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Abstract of TOPOX Project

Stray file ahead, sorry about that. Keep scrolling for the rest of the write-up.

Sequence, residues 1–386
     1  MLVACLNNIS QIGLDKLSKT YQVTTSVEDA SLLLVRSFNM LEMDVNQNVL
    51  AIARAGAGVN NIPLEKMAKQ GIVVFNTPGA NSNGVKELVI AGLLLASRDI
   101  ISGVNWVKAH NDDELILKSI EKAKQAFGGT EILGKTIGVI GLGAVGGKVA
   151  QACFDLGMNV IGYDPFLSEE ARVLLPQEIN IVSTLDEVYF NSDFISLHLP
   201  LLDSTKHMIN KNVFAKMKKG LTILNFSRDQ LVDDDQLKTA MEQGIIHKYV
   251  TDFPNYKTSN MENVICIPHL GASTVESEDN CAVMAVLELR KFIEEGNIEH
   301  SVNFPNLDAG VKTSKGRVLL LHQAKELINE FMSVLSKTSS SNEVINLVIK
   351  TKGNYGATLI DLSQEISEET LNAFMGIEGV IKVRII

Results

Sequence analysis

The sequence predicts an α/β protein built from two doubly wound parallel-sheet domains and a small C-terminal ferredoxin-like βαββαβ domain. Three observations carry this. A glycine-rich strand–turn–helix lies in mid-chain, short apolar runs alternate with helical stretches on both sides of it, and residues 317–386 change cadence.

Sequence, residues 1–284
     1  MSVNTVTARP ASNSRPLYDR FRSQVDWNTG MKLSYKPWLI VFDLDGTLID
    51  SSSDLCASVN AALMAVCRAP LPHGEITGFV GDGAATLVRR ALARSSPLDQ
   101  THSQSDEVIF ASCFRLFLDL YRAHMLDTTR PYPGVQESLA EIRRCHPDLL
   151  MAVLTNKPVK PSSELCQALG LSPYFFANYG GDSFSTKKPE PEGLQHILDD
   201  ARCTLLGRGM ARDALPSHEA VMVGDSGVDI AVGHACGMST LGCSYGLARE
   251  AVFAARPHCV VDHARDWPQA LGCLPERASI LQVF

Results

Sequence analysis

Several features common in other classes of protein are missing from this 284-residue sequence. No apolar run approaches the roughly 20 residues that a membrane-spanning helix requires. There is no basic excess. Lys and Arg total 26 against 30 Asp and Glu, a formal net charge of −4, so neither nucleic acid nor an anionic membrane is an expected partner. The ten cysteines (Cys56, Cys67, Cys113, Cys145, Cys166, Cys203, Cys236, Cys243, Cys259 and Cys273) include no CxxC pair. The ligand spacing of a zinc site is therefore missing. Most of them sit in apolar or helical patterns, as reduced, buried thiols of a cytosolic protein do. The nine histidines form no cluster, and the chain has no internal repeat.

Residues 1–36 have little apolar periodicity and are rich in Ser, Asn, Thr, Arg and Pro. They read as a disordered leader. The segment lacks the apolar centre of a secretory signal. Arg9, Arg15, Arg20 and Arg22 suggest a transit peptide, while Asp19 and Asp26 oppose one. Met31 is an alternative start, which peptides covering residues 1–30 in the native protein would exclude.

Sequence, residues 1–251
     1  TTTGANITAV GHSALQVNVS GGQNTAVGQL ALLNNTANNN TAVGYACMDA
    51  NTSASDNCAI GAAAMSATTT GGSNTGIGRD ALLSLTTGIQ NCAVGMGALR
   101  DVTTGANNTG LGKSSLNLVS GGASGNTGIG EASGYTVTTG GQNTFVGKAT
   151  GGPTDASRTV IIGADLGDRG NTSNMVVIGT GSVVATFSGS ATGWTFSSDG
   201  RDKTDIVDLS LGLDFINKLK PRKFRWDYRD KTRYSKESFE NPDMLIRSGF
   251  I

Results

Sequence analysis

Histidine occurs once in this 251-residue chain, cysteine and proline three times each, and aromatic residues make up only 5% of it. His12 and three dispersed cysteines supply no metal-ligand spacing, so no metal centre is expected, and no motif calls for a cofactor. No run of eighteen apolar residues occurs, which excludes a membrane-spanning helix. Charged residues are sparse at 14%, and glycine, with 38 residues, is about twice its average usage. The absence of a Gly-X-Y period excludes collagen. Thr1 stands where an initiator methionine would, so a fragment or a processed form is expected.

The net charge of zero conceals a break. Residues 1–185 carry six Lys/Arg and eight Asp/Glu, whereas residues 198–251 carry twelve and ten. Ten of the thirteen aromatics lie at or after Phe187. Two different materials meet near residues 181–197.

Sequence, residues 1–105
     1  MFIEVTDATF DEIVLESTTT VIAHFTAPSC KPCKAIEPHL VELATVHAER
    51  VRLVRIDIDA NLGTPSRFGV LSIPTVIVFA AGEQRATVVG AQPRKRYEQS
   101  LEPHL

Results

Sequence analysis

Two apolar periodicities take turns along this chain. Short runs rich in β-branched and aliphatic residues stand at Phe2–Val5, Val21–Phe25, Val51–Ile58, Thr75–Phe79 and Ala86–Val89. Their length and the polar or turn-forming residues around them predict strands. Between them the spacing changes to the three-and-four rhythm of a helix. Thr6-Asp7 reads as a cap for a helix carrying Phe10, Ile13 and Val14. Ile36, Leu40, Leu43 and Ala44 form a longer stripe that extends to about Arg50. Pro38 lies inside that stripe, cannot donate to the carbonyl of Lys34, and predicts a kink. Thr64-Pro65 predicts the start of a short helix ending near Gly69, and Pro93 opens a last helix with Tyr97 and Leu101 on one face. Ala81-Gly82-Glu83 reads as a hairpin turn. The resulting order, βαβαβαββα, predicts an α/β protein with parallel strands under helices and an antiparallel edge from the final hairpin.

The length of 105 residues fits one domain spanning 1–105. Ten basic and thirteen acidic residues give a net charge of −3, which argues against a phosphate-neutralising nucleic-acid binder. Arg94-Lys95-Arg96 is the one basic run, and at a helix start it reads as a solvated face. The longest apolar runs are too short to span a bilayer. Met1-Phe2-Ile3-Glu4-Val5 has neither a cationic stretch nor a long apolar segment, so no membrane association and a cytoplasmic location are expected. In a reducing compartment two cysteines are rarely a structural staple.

Turbulence in fusion plasmas is known to be affected by the shaping of the magnetic flux surfaces. Modern tokamaks, including the ITER experiment under construction, have a diverted magnetic structure in which the last closed flux surface is a separatrix with an X-point. The effect of the magnetic shear in this region on the drift-wave turbulence which is believed to cause heat/particle transport is thought to be severe but is at present unresolved because present-day computational models encounter insurmountable difficulties with coordinate-cell deformation there. We propose to work on coordinate mappings which do the same job as actual transformations in taking parallel derivatives within the computational scheme. Mappings can be divorced from the mathematical constraints of pure Clebsch representations of divergence-free vector fields which are used to construct field-aligned coordinates. Both grid-node topology and dynamical capture of a slowly-varying, self-consistent magnetic equilibrium are involved. Success of the project will enable well-resolved gyrofluid computations of the core-edge-sol closed-to-open field-lines transition region. This is a necessary step for direct simulation of the complete tokamak edge in a diverted plasma, and therefore for first-principles predictions of performance of the ITER pedestal and H-mode confinement regime.